m.alessandrini writes: A worker at a Volkswagen factory in Germany has died, after a robot grabbed him and crushed him against a metal plate. This is perhaps the first severe accident of this kind in a western factory, and is sparking debate about who is responsible for the accident, the man who was servicing the robot beyond its protection cage, or the robot's hardware/software developers who didn't put enough safety checks. Will this distinction be more and more important in the future, when robots will be more widespread?
itwbennett writes: For years now, Foxconn has been talking up plans to replace pesky humans with robot workers in its factories. Back in February, CEO Terry Gou said he expected the automation to account for 70 percent of his company's assembly line work in three years. But in the company's shareholder meeting Thursday, Gou said he had been misquoted and that "it should be that in five years, the robots will take over 30 percent of the manpower."
Benjamin Cohen is a Ph.D candidate at the University of Pennsylvania working under adviser Maxim Likhachev with a real-world, cheap way to make robots to accomplish a multi-step project with minimal human intervention, which he calls "autonomous robotic assembly." Project Birdhouse -- part of his Ph.D. work, along with teammates Mike Phillips and Ellis Ranter -- is Cohen's effort to create a sort of "Hello, World" for robots. With a combination of a research-platform robot base, off-the-shelf parts, like a nail gun (read: "One not built for robot use"), and software to squeeze greater accuracy out of the system as a whole, he and his colleagues have come up with a robot that can grab a selection of parts, align them properly, and assemble them with nails into a functional birdhouse. QR codes let the robot give the robot a sort of recipe to follow, and the system is smart enough to squawk if it doesn't have the right parts to complete the task. (Check out more video with the robot in action, and a great many photos, sketches, and diagrams illustrating the project's evolution.)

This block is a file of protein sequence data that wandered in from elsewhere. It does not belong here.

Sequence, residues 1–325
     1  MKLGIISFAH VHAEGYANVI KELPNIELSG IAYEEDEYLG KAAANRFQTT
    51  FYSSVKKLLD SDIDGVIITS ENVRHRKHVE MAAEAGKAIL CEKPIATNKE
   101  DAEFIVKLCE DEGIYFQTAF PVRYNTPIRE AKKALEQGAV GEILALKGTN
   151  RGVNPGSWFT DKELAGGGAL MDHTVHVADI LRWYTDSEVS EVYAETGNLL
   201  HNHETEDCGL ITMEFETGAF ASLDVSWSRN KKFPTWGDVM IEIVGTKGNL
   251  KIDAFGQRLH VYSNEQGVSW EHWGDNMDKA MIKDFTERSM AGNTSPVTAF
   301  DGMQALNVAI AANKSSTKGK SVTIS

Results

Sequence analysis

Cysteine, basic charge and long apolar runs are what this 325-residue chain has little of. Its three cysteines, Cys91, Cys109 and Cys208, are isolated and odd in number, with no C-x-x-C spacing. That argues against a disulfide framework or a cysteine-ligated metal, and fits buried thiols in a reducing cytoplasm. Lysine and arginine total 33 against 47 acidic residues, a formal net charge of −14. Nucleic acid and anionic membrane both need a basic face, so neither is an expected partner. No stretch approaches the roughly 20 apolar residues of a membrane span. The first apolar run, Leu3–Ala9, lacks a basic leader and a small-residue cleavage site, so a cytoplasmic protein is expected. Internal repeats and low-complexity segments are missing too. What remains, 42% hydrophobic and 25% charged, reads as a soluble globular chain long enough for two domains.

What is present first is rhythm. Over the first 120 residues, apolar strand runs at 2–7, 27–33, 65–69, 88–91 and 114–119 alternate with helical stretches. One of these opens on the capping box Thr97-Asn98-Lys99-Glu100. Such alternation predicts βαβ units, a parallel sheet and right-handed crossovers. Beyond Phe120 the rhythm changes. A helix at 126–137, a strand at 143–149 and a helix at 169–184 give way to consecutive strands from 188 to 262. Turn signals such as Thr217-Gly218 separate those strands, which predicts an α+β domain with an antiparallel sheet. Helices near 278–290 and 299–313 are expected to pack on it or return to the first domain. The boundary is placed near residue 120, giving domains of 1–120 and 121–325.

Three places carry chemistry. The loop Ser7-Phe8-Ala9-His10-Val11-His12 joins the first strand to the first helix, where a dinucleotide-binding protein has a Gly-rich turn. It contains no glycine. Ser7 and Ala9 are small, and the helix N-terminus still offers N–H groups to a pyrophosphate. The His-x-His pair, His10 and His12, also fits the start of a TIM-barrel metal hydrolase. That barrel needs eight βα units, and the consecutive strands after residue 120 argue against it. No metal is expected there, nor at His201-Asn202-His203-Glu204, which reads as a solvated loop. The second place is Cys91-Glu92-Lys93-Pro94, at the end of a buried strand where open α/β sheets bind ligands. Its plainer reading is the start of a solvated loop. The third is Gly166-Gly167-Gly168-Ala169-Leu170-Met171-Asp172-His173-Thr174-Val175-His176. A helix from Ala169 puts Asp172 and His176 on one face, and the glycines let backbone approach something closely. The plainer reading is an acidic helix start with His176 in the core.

NOTE: We split today's video in half, with both halves running right here, today. This way, if you watch the first video and and want to learn more, you can move on to the second one. And the transcript not only covers both videos, but has "bonus" material that isn't in either one.
Hallie Siegel writes: Can we learn about human cultural evolution by studying how group behaviour in robots evolves? Researchers in the Artificial Culture Project are trying to do just that. Prof. Alan Winfield from the Bristol Robotics Lab discusses his latest research on modelling the process by which cultural memes develop in robots when they pass learned behaviours to other robots in their group. Some interesting findings suggest imitation noise (ie. when the behaviour isn't learned perfectly) and forgetfulness (i.e. when the robot has only limited memory of the behaviours it is trying to imitate) lead to stronger cultural memes in the robot behaviour.
New submitter pubwvj writes: Sony is killing off their robot Aibo, stranding the 150,000 or so owners with no support, repairs or parts other than cannibalism. Now we have another Japanese company, SoftBank, releasing a robotic 'child.' Eventually, they too will discontinue the production of parts and support, beginning the process of killing off all those 'children' that are spawned. As robotics become (far) more advanced at what point will it be murder for a company to discontinue a product line?
Hallie Siegel writes: Japanese Softbank just injected $20M in funding to Fetch Robotics, a Silicon Valley company that is developing robotic solutions for warehouse and logistics. This is one of the first warehouse systems that is coming to market since Kiva. Softbank is also invested in Aldebaran Robotics, producing the Pepper robot — a social humanoid robot that is scheduled to make its debut in Nestle stores later this year as a sales and marketing assistant.
jan_jes writes: A soft robot tentacle, developed by a team from Iowa State University, can curl itself into a circle with a radius of just 200 micrometers. It was capable of capturing an ant without harming it, and the tentacle was also able to grasp the egg of a fish. Such miniature soft robots could be useful for microsurgery. The lassoing motion and low force exerted by the tentacle could be an advantage in endovascular operations, for example, where the target for surgery is reached through blood vessels. They describe their findings in Scientific Reports.
Hallie Siegel writes: With countries evolving different regulations over robotic devices, law professor Anupam Chander looks into whether robots crossing borders will need passports, and what the role of international trade law should be in regulating the flow of these devices. Fascinating discussion on what happens when technology like robots crosses over international borders, as part of this year's We Robot conference in Seattle.